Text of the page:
CEO Marsha Serlin founded United Scrap, a certified woman-owned scrap metal recycler, in 1978 and employs approximately 500 people. She says her company wins work and retains loyal customers because of her employees’ work ethic. In the wake of Hurricane Ida and massive flooding, a client called her crews in Philadelphia for help on a Friday evening. Serlin’s workers showed up the next morning to start. Impressed by the speed of response, the customer, a senior manager with a 35,000-employee company, emailed Serlin to say United Scrap’s crews “stand above the rest” of the vendors the firm employs in terms of their sense of urgency and approach.
Diversity Spurs Innovation
Wherever a facility manager might want competition or innovation, that’s a chance to consider minority-owned businesses, adds Brooks.
Maureen Ehrenberg, CEO and Co-founder of Blue Skyre IBE — a global provider of facilities management solutions for corporate real estate users and investors, says hiring a diverse group of suppliers also strengthens an employer’s supply chain. Ehrenberg believes women- and minority-owned businesses bring distinct experiences and ways of solving problems that employers need. According to Ehrenberg, until recently, the trend in purchasing departments was to steer away from managing multiple vendors and consolidate for simplicity. But advances in technology now make it easier for procurement groups to work with and manage many vendors simultaneously without be overwhelmed by administrative chores, and this, she says, should open the door to an array of vendors and “opportunities to include more local businesses back into a company’s supply chain.”
Cook feels that regardless of a vendor’s ownership status or unique perspective, customers want a supplier who delivers a project on time, in a cost-effective way.
“We bid competitively and win contracts because we do the work well, not because a woman owns the company,” says Cook. “We simply want to be considered, and, when companies think about supplier diversity, they give minority-owned businesses a chance to compete.”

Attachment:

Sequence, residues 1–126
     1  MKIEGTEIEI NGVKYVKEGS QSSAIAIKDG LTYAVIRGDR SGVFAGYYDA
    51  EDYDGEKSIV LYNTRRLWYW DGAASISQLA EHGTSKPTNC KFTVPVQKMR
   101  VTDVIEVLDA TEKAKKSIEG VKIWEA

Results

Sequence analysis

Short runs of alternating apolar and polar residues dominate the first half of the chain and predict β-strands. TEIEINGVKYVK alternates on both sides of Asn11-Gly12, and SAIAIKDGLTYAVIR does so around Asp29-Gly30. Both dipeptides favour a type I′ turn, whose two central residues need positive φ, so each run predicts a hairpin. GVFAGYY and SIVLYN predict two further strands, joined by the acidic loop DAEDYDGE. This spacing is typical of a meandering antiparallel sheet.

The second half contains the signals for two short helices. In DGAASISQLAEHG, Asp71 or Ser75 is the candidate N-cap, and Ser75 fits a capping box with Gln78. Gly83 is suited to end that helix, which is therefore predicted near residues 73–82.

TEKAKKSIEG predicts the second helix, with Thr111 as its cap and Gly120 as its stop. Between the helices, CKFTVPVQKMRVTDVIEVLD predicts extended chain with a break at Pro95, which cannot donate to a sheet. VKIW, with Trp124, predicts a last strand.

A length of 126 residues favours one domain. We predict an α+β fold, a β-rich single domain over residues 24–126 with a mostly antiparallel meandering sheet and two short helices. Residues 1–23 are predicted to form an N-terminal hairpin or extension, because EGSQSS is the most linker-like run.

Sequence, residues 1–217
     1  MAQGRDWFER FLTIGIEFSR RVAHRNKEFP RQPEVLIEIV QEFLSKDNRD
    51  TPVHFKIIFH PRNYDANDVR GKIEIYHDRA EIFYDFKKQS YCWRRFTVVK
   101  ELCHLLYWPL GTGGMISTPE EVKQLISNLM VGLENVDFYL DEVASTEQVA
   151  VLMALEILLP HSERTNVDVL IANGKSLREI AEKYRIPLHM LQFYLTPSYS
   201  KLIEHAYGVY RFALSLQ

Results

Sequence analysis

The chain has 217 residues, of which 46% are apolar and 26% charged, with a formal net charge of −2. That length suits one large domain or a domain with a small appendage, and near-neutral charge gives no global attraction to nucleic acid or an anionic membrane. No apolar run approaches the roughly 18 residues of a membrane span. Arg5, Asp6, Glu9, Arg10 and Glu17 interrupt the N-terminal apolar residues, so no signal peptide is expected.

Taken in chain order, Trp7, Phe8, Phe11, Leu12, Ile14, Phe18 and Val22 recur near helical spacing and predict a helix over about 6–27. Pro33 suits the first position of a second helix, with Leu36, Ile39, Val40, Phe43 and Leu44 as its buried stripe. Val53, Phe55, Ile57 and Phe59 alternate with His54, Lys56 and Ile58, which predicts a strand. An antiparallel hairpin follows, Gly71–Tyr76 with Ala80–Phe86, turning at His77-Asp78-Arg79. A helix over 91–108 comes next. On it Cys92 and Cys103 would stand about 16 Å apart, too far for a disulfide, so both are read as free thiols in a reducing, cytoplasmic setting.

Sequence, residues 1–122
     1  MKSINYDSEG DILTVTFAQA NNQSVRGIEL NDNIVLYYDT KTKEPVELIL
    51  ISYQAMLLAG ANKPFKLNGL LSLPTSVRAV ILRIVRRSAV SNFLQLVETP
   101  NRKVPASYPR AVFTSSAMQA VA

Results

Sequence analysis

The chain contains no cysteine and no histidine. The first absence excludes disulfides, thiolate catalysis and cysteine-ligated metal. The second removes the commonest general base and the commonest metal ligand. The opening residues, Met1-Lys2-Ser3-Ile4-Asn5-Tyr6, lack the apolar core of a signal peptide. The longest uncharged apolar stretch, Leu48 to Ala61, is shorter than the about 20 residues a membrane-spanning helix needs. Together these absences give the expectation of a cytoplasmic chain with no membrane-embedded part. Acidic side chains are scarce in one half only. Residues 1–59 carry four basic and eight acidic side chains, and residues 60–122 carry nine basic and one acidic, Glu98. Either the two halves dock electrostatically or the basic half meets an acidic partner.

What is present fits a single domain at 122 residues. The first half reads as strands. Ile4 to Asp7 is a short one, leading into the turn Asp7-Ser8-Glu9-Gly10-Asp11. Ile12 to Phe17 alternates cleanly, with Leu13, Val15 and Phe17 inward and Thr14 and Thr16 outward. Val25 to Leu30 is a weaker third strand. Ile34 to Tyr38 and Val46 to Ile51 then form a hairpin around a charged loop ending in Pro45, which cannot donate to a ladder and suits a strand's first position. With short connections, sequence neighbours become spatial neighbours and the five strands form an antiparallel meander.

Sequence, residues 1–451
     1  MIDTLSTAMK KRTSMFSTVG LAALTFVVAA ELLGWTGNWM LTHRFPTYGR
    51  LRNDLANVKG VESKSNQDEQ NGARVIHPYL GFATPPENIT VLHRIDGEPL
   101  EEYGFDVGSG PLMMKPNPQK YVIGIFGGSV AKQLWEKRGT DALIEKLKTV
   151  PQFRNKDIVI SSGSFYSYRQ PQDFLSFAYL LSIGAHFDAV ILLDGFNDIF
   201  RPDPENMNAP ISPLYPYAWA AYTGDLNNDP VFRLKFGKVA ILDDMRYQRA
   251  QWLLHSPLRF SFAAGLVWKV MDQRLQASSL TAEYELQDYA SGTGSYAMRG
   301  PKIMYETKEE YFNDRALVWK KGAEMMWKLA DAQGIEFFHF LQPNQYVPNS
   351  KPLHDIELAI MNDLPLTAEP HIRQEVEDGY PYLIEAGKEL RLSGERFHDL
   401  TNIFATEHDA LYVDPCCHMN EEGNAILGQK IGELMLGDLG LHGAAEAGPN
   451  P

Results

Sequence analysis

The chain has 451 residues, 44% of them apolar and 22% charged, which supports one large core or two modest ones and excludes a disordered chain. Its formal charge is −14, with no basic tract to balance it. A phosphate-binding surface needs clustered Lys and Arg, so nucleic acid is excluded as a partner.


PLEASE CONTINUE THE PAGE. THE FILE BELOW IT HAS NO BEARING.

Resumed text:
Ehrenberg recommends facility managers looking for bona fide woman- or other minority-operated vendors turn to groups like WBENC, the International Facility Management Association (IFMA), and the Building Owners and Managers Association International (BOMA). Each organization vets supplier lists that local building owners can use.
Goldner’s colleague Cynthia Johnson, Director of Established Business Services for WBDC, builds on Ehrenberg’s advice. According to Johnson, a facility manager with decades of experience may have a well-oiled and established network of vendors but not have a familiarity with many vendors beyond that network.
“When you choose to go beyond your personal network, you want a level of comfort,” adds Johnson. “Finding a vendor who’s certified with appropriate due diligence is critical.”
According to Goldner, WBDC’s certifications look at an applicant’s governance, management, and an array of operating and tax documents. The reviews can take up to 90 days to complete.
By having a diverse supplier base, Brooks believes facility executives increase their opportunity for innovation, better customer service and having an economic impact in the communities they operate.
Perry, managing partner of MARCH 24 Media LLC, has been writing about manufacturing, technology and utilities for nearly 30 years. He lives in Upstate New York and can be reached at firstname.lastname@example.org.